Todd Trafton couldn't help but look ahead at the possibilities, namely the possibility that he could make the majors.
"Every year you think, 'Maybe the breaks are gonna go my way this year,'" Trafton told The Daytona Beach Sunday News-Journal in June 1991. "Who knows, maybe I'll get hot. You play all these years since little league, and you want to get up there."
Trafton was in this sixth professional season in 1991 and he ended up hitting .285 with nine home runs in 75 games at AAA Nashville that year. Trafton, though, went on to play in affiliated ball into 1995, but he would never take that last step to the majors.
Trafton turned pro in 1986, the same year he helped lead the University of Arizona to the College World Series title.
In one late-tournament win, Trafton hit a two-run home run and walked with the bases loaded.
Trafton went to Arizona after turning down a sixth-round selection by the White Sox out of high school. He turned down the offer and chose college, because he didn't get the money he wanted.
"If you get the kind of money you want," Trafton told The Orlando Sentinel later, "you can always go back to school. If you don't get what you want, you're better off going to college."
Trafton finally signed in 1986, selected again by the White Sox, in the fifth round. He started at single-A Peninsula, moving to Daytona Beach in 1987.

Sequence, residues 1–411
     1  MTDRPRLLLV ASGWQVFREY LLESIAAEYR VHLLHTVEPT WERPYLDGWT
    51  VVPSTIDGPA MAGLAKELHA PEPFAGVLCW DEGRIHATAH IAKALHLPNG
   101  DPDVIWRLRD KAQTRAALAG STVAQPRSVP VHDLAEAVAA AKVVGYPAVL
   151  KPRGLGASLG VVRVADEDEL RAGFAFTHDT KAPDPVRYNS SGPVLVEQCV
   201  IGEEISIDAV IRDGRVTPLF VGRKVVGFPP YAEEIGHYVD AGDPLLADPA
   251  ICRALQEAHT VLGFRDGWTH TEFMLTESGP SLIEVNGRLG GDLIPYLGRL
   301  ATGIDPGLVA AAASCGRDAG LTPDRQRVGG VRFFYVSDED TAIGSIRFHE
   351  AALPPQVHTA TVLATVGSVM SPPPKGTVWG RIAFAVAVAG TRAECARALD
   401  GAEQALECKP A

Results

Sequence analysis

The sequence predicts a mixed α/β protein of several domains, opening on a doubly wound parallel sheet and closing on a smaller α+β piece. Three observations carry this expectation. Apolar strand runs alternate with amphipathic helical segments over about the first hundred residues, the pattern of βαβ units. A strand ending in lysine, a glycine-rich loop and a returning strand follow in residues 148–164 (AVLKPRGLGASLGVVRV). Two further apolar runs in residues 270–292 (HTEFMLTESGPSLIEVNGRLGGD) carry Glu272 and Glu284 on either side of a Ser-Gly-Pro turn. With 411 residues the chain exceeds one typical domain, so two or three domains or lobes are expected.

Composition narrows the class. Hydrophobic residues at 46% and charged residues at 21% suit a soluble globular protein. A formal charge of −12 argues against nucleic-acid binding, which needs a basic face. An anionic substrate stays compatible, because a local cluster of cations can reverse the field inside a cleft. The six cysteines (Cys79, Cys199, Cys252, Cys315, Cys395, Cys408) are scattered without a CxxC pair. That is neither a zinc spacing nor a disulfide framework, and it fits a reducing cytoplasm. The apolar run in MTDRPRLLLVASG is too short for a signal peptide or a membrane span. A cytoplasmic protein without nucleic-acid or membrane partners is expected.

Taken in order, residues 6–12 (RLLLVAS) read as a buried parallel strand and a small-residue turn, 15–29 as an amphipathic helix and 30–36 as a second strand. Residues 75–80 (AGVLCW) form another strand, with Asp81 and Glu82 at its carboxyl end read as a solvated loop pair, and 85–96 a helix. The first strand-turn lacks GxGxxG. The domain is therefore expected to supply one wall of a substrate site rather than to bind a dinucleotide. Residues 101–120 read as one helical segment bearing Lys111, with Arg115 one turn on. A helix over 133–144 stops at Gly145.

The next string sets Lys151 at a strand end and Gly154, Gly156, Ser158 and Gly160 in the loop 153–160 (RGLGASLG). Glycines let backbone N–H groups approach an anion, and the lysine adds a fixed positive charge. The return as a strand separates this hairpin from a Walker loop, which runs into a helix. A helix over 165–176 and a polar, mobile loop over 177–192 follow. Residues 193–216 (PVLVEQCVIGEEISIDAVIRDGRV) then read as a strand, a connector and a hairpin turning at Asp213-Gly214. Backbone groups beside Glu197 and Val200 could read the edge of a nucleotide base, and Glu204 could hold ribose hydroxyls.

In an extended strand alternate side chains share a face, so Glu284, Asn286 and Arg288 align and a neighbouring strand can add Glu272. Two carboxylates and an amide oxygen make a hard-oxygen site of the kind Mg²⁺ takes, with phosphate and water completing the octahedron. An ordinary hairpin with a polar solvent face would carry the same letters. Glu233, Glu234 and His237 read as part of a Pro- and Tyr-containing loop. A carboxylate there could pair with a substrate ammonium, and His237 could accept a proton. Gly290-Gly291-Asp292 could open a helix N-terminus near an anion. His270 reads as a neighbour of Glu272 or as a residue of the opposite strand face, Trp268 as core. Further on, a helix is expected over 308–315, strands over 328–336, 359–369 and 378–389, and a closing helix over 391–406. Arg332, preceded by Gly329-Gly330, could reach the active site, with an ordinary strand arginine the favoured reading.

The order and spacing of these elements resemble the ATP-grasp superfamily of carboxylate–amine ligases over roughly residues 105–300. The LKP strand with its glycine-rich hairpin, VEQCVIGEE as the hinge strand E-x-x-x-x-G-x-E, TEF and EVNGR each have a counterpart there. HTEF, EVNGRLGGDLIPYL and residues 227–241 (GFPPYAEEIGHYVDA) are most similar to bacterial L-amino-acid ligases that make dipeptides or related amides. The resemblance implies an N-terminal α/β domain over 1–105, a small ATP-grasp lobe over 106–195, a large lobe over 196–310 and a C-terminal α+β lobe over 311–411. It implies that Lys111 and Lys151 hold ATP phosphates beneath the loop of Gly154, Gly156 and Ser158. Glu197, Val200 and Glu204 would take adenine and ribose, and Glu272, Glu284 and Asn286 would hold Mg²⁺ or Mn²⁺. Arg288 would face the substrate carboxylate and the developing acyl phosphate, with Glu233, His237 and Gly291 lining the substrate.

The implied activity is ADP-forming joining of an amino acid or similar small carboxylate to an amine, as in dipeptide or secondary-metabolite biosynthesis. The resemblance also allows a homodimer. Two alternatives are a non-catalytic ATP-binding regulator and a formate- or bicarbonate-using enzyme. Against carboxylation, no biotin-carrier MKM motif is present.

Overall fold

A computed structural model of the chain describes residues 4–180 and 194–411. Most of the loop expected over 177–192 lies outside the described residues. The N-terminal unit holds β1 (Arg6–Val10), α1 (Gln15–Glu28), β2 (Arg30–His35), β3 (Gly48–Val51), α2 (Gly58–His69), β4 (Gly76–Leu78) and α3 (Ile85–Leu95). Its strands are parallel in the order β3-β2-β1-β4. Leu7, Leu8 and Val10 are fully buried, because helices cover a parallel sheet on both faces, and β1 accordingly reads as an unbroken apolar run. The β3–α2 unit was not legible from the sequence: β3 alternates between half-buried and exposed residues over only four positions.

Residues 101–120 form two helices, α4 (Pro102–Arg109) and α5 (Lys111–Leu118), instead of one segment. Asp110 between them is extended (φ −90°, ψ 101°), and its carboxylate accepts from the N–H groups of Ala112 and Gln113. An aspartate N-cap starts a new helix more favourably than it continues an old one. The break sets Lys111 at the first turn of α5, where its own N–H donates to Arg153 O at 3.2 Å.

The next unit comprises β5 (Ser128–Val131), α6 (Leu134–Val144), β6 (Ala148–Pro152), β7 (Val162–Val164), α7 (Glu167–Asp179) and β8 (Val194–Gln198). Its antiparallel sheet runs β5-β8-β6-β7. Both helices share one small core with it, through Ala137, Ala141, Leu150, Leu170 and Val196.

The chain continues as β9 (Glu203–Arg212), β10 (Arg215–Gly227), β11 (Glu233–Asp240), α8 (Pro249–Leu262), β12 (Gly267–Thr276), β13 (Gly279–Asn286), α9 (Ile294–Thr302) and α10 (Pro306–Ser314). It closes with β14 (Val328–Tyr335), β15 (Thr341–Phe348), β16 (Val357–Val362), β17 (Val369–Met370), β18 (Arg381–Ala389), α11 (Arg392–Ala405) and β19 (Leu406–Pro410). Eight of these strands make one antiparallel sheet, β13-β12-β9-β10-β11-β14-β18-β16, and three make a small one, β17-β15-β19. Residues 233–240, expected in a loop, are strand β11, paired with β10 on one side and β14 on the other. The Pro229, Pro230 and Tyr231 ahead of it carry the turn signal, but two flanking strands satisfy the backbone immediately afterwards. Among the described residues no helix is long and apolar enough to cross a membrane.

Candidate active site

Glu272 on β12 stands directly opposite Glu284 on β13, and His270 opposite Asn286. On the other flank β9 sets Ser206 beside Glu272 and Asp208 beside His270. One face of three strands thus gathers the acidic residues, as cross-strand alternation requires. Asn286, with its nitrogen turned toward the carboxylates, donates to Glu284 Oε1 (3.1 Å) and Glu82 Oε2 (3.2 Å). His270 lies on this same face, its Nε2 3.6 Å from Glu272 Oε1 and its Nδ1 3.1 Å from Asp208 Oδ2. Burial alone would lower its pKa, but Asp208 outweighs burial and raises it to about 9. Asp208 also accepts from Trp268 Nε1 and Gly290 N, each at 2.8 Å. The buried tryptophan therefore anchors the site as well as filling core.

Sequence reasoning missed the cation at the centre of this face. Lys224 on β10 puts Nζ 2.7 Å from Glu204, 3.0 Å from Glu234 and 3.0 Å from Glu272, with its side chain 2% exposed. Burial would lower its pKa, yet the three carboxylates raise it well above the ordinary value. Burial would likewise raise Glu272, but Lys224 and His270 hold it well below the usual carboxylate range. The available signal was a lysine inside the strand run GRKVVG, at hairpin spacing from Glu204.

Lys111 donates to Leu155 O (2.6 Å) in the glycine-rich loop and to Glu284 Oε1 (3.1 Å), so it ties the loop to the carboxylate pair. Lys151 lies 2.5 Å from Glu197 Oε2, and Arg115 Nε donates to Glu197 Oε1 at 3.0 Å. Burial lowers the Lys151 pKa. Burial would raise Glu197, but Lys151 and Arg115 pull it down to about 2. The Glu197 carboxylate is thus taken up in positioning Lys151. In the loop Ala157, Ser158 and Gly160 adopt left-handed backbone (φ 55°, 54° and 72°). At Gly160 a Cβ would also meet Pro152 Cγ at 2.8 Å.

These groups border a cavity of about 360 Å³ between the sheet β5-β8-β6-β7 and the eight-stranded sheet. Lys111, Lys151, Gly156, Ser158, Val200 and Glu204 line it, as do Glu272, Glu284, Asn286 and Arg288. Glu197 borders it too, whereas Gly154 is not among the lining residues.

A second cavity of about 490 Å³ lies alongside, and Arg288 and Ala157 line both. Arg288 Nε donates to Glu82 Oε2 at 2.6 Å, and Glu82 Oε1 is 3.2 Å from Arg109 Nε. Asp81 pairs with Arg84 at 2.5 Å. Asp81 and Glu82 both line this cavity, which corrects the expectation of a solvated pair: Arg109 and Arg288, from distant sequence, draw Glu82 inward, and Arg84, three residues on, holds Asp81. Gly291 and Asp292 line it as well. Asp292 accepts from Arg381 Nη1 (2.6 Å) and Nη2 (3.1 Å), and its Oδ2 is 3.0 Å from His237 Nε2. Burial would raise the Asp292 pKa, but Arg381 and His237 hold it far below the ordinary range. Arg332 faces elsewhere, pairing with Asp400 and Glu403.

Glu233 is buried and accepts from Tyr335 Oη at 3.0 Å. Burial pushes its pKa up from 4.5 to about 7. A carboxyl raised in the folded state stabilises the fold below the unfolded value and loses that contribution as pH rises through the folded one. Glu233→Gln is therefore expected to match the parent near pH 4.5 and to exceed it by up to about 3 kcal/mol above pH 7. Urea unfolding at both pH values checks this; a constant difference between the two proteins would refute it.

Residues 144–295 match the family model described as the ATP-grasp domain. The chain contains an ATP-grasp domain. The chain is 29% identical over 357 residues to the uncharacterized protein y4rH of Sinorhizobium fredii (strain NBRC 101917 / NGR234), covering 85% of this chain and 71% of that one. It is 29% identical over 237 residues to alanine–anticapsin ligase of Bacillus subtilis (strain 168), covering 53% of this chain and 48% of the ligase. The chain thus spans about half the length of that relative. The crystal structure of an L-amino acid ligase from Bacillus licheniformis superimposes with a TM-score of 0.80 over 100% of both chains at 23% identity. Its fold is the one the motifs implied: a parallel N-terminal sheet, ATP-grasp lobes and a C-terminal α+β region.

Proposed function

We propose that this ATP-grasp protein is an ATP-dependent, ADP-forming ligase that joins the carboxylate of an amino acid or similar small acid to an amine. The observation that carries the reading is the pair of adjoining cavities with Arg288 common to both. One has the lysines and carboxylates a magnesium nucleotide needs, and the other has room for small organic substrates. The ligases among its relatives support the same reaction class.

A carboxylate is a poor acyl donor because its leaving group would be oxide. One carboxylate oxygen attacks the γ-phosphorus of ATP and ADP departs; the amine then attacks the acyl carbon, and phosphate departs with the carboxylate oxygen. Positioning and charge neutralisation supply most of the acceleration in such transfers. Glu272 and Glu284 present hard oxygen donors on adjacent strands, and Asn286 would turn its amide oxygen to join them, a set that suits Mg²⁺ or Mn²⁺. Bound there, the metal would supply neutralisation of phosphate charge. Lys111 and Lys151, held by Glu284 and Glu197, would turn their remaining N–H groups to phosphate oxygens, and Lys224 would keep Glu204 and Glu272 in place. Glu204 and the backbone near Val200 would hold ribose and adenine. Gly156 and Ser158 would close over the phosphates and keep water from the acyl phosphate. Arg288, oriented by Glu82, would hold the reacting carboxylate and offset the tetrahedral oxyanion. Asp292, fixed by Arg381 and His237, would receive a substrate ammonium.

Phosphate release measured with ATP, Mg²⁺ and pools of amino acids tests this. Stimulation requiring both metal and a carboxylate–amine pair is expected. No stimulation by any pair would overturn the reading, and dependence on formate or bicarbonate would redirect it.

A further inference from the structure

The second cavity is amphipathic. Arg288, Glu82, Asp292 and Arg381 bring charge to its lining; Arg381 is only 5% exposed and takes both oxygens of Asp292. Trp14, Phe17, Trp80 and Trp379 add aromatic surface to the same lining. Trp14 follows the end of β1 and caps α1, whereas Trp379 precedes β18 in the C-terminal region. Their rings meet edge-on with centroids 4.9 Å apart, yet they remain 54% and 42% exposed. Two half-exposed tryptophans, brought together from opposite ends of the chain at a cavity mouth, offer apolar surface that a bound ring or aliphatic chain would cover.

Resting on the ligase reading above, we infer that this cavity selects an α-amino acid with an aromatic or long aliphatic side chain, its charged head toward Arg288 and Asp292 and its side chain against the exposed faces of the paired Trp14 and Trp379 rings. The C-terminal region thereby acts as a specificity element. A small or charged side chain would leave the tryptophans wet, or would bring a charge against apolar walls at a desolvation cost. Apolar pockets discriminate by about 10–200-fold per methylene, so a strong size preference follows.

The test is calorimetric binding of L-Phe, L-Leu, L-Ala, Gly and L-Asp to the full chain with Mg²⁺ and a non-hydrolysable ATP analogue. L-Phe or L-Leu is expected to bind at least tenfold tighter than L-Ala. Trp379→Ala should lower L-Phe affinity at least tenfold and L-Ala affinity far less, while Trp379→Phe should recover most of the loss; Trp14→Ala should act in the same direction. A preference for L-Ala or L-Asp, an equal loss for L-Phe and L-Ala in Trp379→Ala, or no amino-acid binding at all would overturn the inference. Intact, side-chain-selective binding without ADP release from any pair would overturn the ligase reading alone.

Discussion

He got his first look at AA Birmingham in 1988, playing there full time in 1989. At Birmingham that year, Trafton hit .259 with 12 home runs. He also branched out in the field. On Aug. 31, Trafton played all nine positions, including pitcher, in a single game.
He made AAA Vancouver for the first time in 1990, hitting just .188 in 42 games there. He moved to the Reds system for 1991, splitting time between AA Chattanooga and AAA Nashville. He did the same thing for 1992, his last full year in affiliated ball.
Trafton played briefly at AAA Tucson in 1993, then moved to Mexico. He returned stateside for spring 1995, replacement ball with the Brewers. Even at that point, Trafton was still thinking the majors was a possibility, even in those circumstances, he told The Milwaukee Sentinel.
"Every time I put on that uniform, I dream about playing in the big leagues," Trafton told The Sentinel that March. "This is an opportunity for me to say that I did something even though it may have an asterisk behind it."
Trafton played five games at AAA Indianapolis that year and 13 games at independent Bridgeport in 1998, ending his career without making the majors.
- Orlando Sentinel, June 17, 1987: Professional Temptation Throws Curve To High School Ballplayers
- Daytona Beach Sunday News-Journal, June 30, 1991: Ballplayers can't afford to gamble
- Milwaukee Sentinel, March 20, 1995: This replacement Brewer has a tough act to follow